Ludo was now beside himself. He had been asked to remain during this late night meeting between the Cardinal and three men. Two of the men had rough scars. One had lost an eye. The other appeared to have once had his throat ripped open, and the white scars shined by the lamplight, layered over the untouched tan flesh.

Ludo had of course known about angels and demons. Everyone did. He had even recalled seeing a woman who lived on the edge of Siena once who was said to be a witch. He also knew that sometimes people were possessed by demons and became horrifying beasts that had to either be put down like dogs or have the demons cast out by a pair of priests in a special ceremony. These things he knew…everyone knew.

But that there were people who had made pacts with the Devil himself and drank the blood of others…ate their flesh? That was new to him.

The Cardinal knew a great deal about this enemy, informed the men how to find them, to hunt them, and to kill them. He even gave them a letter and directions to a smithy who would provide them with the tools necessary to the task. He explained that he had done this many times and that the men must be brave, quick, and merciless. Failure on any one point of his instructions could mean death. The two scarred men seemed unmoved by this but the younger, plumper one, had beads of sweat pouring off his brow and wiped it intermittently.

The next morning, Ludo spoke with Magdalena–that was her name, and she made him say it over and over again while she worked him with her hand so he wouldn’t forget it. She told him that the rumor was that the Cardinal would one day be an archbishop due to his work removing evil from the countryside. Some even said he might be Pope one day.

Not only did Ludo have a good life, but now he considered how his service was benefitting so many. He was truly blessed, and thanked the Virgin while he cleaned his stomach and dressed.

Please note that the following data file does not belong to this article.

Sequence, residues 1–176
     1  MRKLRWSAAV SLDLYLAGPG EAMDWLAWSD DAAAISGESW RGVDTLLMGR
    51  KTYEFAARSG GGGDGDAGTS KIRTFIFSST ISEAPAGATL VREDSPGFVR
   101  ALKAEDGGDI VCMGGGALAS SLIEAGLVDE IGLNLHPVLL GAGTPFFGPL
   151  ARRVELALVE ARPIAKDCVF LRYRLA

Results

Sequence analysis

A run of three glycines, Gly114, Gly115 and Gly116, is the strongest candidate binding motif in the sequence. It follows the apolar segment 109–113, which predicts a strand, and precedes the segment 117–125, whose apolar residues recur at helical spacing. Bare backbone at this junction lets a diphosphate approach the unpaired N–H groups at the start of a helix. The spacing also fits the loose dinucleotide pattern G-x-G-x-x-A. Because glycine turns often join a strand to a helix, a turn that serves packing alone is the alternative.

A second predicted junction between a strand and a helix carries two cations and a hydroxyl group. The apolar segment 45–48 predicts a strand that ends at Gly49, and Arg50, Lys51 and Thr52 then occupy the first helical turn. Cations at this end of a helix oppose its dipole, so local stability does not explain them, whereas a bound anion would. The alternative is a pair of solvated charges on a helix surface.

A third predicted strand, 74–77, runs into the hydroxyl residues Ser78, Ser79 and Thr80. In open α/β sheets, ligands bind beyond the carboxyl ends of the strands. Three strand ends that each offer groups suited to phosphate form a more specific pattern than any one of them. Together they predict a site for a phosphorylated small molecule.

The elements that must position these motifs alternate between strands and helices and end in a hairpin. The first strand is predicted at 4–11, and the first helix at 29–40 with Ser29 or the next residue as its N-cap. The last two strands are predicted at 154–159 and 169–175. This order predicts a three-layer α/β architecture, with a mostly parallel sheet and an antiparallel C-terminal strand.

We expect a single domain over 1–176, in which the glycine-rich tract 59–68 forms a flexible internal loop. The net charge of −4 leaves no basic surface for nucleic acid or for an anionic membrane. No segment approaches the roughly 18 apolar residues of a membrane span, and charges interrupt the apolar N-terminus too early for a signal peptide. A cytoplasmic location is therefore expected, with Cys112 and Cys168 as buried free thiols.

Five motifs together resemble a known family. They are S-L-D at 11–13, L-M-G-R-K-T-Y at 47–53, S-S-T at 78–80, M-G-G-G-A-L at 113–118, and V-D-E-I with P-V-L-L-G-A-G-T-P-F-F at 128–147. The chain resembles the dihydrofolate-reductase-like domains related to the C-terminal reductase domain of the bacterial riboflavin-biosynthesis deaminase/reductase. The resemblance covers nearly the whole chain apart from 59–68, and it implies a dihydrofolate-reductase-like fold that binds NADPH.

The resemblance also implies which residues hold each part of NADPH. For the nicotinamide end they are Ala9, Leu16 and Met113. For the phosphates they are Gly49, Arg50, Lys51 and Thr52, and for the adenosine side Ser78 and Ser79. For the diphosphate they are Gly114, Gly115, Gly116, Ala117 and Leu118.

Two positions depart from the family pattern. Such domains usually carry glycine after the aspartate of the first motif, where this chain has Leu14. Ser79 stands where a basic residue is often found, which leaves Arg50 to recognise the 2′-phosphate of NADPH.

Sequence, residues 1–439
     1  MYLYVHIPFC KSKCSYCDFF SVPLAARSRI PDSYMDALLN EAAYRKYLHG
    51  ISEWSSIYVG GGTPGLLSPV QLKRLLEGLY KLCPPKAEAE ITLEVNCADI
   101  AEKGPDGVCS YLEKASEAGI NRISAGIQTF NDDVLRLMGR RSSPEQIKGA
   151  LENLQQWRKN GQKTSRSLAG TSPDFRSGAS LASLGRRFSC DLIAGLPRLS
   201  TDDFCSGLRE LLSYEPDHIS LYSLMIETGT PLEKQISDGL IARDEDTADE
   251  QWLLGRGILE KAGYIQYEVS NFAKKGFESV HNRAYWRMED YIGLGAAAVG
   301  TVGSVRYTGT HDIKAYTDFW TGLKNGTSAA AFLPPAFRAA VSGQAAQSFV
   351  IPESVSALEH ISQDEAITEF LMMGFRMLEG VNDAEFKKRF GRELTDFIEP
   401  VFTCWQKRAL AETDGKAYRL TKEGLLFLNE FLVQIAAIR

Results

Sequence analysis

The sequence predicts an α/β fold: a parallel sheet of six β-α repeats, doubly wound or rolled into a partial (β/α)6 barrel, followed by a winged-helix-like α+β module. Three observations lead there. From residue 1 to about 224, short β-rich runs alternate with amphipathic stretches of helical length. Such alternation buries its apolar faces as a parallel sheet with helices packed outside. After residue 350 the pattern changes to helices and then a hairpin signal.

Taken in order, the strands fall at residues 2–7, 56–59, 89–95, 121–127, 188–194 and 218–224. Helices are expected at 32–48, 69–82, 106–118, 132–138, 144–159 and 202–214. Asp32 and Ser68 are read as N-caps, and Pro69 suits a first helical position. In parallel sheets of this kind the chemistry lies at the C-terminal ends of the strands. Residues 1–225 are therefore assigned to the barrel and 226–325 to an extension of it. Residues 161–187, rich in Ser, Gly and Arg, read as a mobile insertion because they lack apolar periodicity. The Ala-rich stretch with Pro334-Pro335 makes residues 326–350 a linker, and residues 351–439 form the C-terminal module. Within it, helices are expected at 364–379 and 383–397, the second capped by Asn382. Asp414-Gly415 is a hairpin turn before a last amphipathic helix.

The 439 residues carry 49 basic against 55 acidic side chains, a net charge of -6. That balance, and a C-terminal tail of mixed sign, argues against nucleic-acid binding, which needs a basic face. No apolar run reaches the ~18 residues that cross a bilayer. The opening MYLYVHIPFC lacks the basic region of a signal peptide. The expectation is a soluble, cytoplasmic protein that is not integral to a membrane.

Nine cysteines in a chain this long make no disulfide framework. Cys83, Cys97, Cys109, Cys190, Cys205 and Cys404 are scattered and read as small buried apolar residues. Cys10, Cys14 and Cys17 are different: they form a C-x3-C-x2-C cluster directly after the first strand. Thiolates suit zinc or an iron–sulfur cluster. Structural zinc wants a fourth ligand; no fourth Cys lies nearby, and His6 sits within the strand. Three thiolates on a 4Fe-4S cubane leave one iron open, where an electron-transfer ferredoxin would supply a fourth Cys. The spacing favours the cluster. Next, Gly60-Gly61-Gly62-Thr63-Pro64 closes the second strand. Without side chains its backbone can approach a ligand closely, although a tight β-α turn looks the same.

This room was different. It had less decoration than the intricate woodwork found elsewhere. The entire room was a gray marble, and the only decoration was Roman with a Latin inscription.

There were three men, one of them likely Apollo, throwing something. Ludo, having bathed, stood with his wet linen around his waist. Water dripped off of him but he didn’t notice. He was trying to make out the inscription.

“It’s a discus.”

“I–I’m sorry, Your Eminence…?”

“What they are throwing.”

The old man had entered without Ludo even realizing it. Had he been so rapt in the singular stonework that he hadn’t noticed?

A chill ran down his back. But this soon disappeared. He had heard that some priests had desires such as it was clear to him now the Cardinal had. He knew it was all too good for there not to be a price. But then, how bad could it be? The man couldn’t even see. A little groping was well worth the life he had.

This must be why the Cardinal went through so many attendents. Ludo would not be like the others. He’d just think of Magdalena, if he had to.

Poor old blind man…

Ludo looked back at the relief. He heard something soft fall to the floor, but he didn’t turn around to see what it was.

“Can you read it?”

“No, Your Eminence.”

But neither can you. Why is there no crucifix in this room?

“It says, ‘This is the bread which comes down out of heaven, so that one may eat of it and not die.'”

Ludo glanced out of the corner of his eye and saw that it had been the blindfold that fell to the floor.

The thing calling itself Giovanni Lotterio placed a hand on Ludo’s shoulder.

Madre Maria! How could a hand be so cold and still be alive?

“To be a Virgin, Ludo…it is a blessed state.”

“Yes, Your Em–“

The Cardinal spun him around and Ludo saw his eyes. They weren’t sightless…but they weren’t normal eyes either. They were more like a cat’s.

The Cardinal grabbed him with what felt to Ludo like smith’s tongs, cold and inflexible like iron.

The Cardinal pulled Ludo close and kissed him hard on the mouth. Then he bit into Ludo’s lips and tore them from his face.

Ludo began to scream but could not form words. The pain made the room turn white. He stared at the old man in disbelief through watery eyes.

The Cardinal chewed, swallowed, and licked his lips. When he spoke, it was with a mouth still half full of flesh.

“They’re so delicious.”


From → Short Story